The Dream Master


Archetypes appear often in their purest forms within our nightly dreams, where they can bypass the conscious mind to deliver important messages. Here’s a significant dream I feel fortunate to have experienced involving my own Dream Master:

I have been hiking (in the dreamscape) in a mountain region with a small group of fellow travelers. We have come to a level plain in view of our destination, which is a spiritual Temple perched atop the mountain we are ascending. We are accompanied by  a Guide whom I recognize as a spiritual Teacher.

The Teacher steps center to address us. He tells us there are two pathways by which we can make our final ascent to reach the Temple at the top of the mountain. One path, off to his right as he addresses us, is a wide, long and winding trail that leads eventually to the apex by a slow, easy trek. The other approach, he points out, would be by the canyon wall just beside the open area where we are standing. There is a redrock canyon spire wall that leads right up to the Temple.  It is our choice which way we choose to take.

The group of hikers splits, as the majority head off to take the long and winding trail. I notice that these folks are middle aged or more senior, like me.  The other group is a couple, a young man and woman who take one look at the canyon wall and, one-two-three, they have clambered up the cliff and they have already reached the Temple! Well, in my younger days I hiked often in redrock canyons in Arizona, so that is the way I want to get to the top of the mountain, too.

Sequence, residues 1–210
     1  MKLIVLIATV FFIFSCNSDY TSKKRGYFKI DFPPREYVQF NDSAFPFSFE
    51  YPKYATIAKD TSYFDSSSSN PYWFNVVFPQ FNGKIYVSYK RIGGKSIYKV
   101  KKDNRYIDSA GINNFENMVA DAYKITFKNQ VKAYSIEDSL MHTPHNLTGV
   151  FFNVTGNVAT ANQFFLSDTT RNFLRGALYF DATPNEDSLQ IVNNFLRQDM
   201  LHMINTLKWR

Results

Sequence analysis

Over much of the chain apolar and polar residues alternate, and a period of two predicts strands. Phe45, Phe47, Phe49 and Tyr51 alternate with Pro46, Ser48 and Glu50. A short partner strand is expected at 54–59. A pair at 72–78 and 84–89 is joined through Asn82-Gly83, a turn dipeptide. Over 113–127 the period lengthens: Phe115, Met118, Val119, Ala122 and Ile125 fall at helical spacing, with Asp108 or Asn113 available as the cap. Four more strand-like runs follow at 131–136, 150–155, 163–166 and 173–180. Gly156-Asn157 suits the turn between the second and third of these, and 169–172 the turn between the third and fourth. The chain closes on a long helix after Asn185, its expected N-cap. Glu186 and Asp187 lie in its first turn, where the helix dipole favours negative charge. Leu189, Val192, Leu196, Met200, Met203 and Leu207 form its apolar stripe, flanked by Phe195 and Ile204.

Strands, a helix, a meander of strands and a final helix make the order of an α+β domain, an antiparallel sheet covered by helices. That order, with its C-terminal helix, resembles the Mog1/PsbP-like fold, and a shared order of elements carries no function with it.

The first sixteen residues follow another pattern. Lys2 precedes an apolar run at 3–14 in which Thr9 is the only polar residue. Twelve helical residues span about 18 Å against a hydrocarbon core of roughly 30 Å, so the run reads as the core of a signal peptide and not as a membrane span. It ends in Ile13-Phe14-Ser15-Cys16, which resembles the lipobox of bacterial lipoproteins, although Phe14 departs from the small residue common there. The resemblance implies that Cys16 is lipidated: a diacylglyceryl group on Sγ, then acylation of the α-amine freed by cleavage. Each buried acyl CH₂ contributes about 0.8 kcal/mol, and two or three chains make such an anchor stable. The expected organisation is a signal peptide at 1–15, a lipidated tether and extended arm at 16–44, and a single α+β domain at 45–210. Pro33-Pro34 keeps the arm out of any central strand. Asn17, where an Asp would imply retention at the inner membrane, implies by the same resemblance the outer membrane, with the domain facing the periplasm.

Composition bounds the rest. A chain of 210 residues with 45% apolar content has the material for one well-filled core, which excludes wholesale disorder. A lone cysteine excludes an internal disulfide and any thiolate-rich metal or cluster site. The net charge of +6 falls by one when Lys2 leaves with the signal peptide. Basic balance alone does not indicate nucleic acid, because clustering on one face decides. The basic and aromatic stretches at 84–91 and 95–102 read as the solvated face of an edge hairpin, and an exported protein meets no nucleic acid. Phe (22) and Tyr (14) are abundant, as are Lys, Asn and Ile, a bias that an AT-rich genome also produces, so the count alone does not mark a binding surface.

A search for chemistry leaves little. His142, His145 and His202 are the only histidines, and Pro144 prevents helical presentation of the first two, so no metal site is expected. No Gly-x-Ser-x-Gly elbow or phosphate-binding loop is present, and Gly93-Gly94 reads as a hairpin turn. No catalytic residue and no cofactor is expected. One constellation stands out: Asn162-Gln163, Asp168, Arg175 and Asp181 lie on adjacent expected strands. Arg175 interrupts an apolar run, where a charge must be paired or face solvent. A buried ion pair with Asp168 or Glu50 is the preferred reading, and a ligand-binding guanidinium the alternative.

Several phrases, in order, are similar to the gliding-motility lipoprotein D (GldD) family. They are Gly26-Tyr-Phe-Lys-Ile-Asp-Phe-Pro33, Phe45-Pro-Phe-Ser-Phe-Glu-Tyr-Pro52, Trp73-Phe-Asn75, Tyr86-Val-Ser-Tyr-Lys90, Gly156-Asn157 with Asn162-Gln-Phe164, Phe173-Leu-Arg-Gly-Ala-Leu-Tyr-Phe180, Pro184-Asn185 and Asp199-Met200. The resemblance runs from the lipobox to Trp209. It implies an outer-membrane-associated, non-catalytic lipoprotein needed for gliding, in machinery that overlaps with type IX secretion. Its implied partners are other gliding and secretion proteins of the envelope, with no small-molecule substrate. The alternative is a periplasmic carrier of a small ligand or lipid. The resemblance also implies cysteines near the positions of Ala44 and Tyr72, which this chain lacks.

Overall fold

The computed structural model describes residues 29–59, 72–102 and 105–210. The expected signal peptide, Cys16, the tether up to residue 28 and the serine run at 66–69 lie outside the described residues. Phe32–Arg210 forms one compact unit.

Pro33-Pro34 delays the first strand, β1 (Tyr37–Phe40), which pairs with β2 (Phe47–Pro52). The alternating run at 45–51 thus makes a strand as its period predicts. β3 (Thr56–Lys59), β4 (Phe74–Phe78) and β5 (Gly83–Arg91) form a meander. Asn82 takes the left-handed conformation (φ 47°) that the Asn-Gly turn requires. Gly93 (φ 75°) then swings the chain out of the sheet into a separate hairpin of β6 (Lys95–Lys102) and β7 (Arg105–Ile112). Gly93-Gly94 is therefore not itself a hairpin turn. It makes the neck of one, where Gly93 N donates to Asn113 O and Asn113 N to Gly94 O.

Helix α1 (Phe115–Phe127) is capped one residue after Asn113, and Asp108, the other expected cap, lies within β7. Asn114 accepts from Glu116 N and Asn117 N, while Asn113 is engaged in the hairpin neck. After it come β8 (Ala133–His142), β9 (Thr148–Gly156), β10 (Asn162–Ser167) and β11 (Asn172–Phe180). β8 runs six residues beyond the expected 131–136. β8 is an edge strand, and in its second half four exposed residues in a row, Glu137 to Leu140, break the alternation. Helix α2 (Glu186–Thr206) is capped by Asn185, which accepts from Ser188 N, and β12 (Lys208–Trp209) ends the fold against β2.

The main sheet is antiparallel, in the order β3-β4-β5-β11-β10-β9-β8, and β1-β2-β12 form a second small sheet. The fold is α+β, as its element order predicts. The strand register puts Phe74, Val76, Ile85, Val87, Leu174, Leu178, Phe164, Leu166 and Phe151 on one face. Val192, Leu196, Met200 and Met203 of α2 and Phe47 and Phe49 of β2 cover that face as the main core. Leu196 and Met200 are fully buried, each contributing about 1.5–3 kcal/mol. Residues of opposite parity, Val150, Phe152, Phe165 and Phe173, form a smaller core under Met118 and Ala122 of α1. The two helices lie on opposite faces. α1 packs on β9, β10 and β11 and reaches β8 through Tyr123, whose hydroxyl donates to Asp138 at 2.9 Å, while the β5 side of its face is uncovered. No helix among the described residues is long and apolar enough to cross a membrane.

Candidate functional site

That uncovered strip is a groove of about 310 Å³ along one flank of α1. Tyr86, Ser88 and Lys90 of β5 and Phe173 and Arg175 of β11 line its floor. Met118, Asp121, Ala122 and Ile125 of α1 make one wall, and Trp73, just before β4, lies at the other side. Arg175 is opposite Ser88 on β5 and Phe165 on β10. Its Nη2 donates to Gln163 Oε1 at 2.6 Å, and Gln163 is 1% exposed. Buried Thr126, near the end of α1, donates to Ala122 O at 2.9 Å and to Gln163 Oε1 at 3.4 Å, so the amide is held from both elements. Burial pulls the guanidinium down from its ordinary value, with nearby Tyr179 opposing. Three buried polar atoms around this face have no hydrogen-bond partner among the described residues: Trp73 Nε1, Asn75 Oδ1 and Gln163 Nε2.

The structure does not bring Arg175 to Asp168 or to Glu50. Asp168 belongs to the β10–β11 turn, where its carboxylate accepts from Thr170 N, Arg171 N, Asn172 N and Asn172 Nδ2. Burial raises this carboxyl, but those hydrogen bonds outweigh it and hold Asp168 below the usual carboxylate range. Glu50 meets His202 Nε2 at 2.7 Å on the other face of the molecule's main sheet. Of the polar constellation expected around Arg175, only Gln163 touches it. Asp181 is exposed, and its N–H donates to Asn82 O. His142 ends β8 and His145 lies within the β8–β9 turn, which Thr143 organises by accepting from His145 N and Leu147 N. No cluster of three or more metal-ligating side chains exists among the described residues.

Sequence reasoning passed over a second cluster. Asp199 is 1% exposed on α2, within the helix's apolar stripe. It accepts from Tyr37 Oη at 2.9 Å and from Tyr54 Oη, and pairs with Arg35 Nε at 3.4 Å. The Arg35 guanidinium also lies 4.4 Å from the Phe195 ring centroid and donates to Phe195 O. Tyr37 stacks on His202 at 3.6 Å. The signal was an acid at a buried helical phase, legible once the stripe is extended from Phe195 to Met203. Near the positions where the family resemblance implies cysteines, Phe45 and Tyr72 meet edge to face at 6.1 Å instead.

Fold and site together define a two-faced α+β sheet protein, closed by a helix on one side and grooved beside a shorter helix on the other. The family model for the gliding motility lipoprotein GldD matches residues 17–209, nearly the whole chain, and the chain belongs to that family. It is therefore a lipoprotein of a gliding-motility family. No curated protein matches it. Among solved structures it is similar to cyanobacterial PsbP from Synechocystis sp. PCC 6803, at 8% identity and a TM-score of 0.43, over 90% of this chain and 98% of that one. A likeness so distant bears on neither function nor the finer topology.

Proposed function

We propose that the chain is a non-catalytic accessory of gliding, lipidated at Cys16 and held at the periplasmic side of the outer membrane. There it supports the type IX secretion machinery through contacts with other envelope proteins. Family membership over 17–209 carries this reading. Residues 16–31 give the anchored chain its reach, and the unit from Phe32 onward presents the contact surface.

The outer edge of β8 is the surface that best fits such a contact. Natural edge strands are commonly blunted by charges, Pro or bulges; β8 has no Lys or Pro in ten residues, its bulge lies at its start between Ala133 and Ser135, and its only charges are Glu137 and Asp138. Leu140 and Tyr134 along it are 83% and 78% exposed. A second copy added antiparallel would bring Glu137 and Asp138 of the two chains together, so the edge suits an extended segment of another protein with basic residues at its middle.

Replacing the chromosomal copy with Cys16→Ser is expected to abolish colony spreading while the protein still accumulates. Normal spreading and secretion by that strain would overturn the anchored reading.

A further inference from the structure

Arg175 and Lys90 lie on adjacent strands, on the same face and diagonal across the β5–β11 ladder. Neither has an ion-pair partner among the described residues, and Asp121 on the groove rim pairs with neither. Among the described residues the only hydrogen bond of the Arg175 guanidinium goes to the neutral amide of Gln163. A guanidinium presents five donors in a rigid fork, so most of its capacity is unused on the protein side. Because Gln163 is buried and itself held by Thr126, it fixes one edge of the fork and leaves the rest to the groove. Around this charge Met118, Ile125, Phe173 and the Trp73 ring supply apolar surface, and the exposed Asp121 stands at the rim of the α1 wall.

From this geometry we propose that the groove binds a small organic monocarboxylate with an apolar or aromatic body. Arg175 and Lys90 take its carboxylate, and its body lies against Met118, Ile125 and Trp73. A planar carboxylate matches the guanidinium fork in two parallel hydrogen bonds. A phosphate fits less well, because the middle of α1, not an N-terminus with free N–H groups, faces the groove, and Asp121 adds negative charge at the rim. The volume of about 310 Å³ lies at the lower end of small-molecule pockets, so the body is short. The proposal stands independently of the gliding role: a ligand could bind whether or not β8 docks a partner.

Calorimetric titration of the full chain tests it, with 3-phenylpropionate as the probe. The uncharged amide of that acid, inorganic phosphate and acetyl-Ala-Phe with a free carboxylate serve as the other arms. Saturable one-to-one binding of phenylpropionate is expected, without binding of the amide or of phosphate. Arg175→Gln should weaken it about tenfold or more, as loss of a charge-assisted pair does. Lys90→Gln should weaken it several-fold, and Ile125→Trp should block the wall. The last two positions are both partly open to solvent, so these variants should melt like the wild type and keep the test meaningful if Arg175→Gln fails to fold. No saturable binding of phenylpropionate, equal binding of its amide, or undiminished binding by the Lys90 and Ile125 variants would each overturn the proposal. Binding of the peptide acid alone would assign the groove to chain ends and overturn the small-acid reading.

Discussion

I approach the canyon wall and start up. I get just three or four footholds upwards when I get stuck! I cannot see a way upward that I can reach from where I’m at, but I can’t see a way to get safely back down, either.

I look down to the clearing below and I see the Master there, looking up at me. He is wearing the colors of Superman, with a blue suit and even a small red cape!


images are from

   “Master, can you help me?” I ask.

   The Master immediately directs me with his hand, pointing to where I could step down to.  He coaches, “No, not quite; just a little further down, now to the right.”

   My foot finds the  foothold he is directing me to, and quickly I am back down in the clearing. I step toward my Dream Teacher and thank him.

   “I have the ability to watch,” my Teacher says.

   That message is Golden to me. My Teacher ‘has the ability to watch,’ and He is always there, ready to help if I will but remember to ask.

   As I awaken I know I will be going over to the wide, winding pathway upward, grateful for the lesson and humbled by the ordeal.

******   ******

Have you had similar dreams with your own Dream Teacher?  What key lessons has he or she imparted?